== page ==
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NZ ranked third for humanitarian response

New Zealand is among the top three countries in the world for its humanitarian response to international crises, according to an aid watchdog's report.

In the Humanitarian Response Index 2010, published by DARA, New Zealand is placed just behind Denmark and Ireland, ahead of Norway, Sweden and the European Commission.

The report, which was launched this week during the European Development Days in Brussels, ranks 23 leading governments' performance in 14 crises that received over 60 per cent of global humanitarian funding in 2009.

The United Kingdom placed eighth, Australia is 13th and the United States is 19th.

Last year New Zealand's Official Development Assistance (ODA) represented 0.29 per cent of its Gross National Income (GNI), a slight decrease from the previous year and below the United Nations' target of 0.7 per cent. Humanitarian aid comprised 12.17 per cent of New Zealand's ODA.

New Zealand gives $7 of humanitarian assistance for every resident, or 0.027 per cent of the country's GNI.

The report said New Zealand was "highly supportive of humanitarian accountability initiatives", giving the example of the country's funding of an education project in the occupied Palestinian territories.

New Zealand was also commended for providing much of its humanitarian aid without restrictions or "earmarking", and was considered a good donor to facilitate safe humanitarian access.

However, DARA recommended that New Zealand increase its support of UN and Red Cross/Red Crescent appeals as well as those run by non-government organisations - an area where it found New Zealand's support to be below average.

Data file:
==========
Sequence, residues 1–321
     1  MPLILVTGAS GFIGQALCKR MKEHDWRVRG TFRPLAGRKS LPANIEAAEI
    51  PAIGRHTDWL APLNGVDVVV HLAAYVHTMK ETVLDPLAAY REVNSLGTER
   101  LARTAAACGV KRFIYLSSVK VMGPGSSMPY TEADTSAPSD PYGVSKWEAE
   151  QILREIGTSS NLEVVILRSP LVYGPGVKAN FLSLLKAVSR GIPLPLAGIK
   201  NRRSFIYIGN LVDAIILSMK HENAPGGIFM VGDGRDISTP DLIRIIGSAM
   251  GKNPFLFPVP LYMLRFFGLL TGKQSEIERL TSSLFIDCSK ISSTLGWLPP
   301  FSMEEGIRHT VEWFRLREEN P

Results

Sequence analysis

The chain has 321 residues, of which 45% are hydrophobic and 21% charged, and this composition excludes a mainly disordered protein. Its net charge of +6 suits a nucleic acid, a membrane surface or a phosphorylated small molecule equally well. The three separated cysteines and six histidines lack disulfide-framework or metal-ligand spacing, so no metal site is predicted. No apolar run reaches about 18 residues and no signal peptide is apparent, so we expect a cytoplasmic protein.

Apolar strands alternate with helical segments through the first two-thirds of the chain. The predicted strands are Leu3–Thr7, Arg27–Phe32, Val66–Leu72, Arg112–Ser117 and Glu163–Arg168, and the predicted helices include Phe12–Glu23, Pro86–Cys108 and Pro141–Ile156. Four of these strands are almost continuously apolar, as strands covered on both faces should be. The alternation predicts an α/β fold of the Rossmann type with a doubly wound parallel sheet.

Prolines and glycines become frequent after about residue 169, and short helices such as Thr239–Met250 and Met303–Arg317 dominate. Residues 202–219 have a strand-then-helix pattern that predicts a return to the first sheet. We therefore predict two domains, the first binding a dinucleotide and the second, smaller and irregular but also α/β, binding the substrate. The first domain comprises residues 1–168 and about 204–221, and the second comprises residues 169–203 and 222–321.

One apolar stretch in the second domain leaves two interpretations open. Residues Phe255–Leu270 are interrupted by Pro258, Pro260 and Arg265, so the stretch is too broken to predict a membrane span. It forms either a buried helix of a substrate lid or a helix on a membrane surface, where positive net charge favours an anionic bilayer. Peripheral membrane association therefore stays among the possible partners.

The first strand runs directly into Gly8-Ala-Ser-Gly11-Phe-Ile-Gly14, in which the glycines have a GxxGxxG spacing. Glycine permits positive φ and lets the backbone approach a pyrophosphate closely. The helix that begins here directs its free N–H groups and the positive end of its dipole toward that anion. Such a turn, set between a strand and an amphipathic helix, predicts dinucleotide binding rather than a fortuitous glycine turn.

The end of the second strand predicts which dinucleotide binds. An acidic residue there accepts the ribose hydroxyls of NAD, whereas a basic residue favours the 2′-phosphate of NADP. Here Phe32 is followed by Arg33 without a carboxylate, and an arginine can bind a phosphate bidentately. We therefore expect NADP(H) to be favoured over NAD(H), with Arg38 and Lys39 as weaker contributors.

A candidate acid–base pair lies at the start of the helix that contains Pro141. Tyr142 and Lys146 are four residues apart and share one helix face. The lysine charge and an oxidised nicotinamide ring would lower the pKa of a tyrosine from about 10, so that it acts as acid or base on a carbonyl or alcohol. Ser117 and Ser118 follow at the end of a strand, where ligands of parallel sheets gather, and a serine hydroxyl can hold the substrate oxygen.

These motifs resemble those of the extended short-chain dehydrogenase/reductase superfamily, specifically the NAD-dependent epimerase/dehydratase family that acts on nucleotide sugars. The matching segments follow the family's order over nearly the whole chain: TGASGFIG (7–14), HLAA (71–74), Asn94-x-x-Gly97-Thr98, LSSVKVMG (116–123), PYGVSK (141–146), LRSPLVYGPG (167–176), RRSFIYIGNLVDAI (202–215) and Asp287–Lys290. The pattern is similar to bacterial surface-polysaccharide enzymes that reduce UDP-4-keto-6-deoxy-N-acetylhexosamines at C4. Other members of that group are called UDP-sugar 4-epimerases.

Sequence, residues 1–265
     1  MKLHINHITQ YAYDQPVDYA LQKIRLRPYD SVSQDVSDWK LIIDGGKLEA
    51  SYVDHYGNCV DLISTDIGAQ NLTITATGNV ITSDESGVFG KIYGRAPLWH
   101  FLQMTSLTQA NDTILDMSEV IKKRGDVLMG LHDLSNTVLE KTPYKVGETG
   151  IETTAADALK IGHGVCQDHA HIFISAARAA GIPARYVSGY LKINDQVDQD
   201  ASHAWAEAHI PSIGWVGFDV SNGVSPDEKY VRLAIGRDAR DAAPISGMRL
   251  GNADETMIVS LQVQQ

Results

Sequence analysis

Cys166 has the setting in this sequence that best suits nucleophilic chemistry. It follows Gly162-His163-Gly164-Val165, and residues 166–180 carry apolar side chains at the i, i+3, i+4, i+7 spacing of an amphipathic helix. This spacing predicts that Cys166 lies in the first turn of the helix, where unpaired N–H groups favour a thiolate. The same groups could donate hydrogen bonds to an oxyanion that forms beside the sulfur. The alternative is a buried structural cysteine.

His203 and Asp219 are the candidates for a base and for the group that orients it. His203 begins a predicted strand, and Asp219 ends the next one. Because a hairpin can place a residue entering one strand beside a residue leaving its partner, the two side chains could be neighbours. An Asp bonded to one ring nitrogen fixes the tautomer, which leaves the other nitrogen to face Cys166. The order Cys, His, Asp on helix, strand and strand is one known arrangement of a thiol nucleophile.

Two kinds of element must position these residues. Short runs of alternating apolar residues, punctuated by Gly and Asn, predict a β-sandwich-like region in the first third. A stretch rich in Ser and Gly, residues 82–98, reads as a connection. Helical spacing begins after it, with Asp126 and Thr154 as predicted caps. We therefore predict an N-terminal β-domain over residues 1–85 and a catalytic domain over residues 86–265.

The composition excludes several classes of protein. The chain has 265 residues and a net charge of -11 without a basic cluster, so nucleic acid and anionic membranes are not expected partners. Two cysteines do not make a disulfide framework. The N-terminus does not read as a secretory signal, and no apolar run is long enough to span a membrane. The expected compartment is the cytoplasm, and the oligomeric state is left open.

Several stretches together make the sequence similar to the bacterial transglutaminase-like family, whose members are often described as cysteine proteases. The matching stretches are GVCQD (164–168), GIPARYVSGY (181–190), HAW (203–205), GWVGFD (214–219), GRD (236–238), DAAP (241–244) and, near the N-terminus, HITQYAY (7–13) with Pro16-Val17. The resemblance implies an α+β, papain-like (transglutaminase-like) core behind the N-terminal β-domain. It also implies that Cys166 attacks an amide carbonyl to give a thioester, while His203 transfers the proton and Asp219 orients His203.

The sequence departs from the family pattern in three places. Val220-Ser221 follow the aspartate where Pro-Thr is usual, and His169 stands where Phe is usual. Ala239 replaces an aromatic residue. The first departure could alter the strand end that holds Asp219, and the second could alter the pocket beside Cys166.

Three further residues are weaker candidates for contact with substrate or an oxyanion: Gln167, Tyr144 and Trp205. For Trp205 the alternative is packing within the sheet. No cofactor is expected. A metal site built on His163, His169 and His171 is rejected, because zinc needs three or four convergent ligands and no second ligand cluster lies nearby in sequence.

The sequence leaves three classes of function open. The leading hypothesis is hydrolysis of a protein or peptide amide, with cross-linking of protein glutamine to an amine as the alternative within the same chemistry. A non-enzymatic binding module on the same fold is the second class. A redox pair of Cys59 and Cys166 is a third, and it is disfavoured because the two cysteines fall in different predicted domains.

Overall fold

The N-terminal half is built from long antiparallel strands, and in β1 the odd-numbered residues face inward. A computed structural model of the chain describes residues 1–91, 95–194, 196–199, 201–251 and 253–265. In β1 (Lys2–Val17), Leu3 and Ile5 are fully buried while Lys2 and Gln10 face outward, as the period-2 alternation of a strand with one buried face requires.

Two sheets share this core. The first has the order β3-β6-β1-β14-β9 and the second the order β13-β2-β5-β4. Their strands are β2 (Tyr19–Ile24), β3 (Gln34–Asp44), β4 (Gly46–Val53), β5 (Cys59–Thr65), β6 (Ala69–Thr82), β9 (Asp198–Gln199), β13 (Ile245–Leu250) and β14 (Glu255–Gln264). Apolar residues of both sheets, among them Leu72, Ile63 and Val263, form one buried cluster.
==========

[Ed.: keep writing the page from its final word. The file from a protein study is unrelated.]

The report said a "significant number" of humanitarian organisations believed the donor governments that funded them were "not keeping humanitarian assistance independent of political, economic or military objectives".

"Political agendas have impeded the delivery of essential humanitarian assistance to millions of people in need," said Ross Mountain, the director general of DARA.

"Our field research indicates that people working in humanitarian agencies, including government officials working in humanitarian aid, are fully committed to preserving principled approaches to humanitarian assistance: the problem begins when other parts of governments seek to subordinate assistance to other aims."
Founded in 2003, DARA describes itself as an independent organisation "committed to improving the quality and effectiveness of aid for vulnerable populations suffering from conflict, disasters and climate change". (by Paul Harper, NZ Herald)


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